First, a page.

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HERDA Traces to Poco Bueno



“It doesn’t matter what you call it,” says Rashmir, “it’s the same disease.” For the purposes of this article, we’ll use HC to refer to this hereditary disease.

When a horse has HC, there is a lack of adhesion within the dermis, the deep layer of skin, due to a collagen defect. Think of it like glue holding the skin layers together, only with HC, the glue is inferior. Because the layers are not held firmly together, they separate. When the horse is ridden under saddle or suffers trauma to the skin, the outer layer often splits or separates from the deeper layer, or it can tear off completely. It rarely heals without disfiguring scars. New damaged areas arise continuously, sometimes even without obvious trauma.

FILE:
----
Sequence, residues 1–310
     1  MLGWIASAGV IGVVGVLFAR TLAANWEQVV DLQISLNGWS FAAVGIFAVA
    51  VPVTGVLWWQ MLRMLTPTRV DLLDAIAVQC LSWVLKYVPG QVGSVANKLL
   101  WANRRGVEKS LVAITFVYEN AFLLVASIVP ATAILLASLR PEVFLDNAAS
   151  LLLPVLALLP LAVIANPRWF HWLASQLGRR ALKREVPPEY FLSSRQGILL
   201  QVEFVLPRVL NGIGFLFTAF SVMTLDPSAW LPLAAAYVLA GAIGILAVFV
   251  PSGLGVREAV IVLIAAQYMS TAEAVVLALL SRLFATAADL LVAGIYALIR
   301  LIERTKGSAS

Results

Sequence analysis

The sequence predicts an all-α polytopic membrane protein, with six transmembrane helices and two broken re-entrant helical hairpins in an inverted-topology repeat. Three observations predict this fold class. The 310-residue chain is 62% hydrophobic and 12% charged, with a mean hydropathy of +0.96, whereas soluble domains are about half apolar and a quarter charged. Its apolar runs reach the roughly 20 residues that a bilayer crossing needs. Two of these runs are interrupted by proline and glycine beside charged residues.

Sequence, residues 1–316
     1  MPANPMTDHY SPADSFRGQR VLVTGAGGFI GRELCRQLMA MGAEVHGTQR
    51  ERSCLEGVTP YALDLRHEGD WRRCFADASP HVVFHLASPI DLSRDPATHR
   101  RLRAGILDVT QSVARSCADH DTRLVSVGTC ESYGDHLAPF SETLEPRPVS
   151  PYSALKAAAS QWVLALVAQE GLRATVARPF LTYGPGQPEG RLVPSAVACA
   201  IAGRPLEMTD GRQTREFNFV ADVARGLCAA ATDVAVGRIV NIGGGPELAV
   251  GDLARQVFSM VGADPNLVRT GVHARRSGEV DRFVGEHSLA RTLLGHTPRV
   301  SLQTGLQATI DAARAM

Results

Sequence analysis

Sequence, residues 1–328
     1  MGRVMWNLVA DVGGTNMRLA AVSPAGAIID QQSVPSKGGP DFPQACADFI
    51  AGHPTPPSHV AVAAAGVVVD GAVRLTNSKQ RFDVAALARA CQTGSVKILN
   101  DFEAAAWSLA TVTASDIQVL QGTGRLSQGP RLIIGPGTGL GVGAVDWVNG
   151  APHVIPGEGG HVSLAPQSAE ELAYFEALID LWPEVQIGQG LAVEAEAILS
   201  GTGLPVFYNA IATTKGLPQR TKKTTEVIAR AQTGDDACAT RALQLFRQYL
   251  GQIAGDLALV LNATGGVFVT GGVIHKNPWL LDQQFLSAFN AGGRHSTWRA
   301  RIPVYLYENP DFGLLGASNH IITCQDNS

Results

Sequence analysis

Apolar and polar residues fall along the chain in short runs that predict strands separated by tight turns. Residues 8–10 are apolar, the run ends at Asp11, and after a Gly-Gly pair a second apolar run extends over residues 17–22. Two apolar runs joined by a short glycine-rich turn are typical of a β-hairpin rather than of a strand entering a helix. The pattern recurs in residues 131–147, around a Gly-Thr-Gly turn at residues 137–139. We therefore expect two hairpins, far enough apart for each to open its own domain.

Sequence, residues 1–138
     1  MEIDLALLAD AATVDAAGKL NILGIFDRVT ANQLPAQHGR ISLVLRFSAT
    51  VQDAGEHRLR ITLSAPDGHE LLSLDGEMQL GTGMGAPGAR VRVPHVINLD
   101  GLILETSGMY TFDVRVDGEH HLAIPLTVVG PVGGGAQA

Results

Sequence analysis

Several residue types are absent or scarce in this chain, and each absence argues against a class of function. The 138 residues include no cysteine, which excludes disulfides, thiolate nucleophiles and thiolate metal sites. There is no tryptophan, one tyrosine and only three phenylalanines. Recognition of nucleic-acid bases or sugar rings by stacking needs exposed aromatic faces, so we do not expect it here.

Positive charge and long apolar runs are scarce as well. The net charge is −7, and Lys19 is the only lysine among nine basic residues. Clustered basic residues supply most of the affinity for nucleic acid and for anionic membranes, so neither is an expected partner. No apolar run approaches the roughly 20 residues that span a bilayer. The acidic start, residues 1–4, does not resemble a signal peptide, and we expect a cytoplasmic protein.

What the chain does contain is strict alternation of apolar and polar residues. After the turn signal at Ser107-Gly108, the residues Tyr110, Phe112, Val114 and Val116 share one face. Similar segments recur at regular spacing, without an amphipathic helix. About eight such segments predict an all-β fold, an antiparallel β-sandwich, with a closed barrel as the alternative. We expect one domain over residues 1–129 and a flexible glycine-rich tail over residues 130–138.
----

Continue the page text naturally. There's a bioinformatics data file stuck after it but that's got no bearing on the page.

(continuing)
There are cases where horses with HC have lived to a fairly old age, says Rashmir, but they are treated as pets and great care must be taken to prevent trauma that can rip the skin. Sunburn can also be a concern. In dramatic cases, says Rashmir, the skin can split along the back and even roll down the sides, with the horse literally being skinned alive. Generally speaking, she says, the average lifespan for an HC horse is two to four years.

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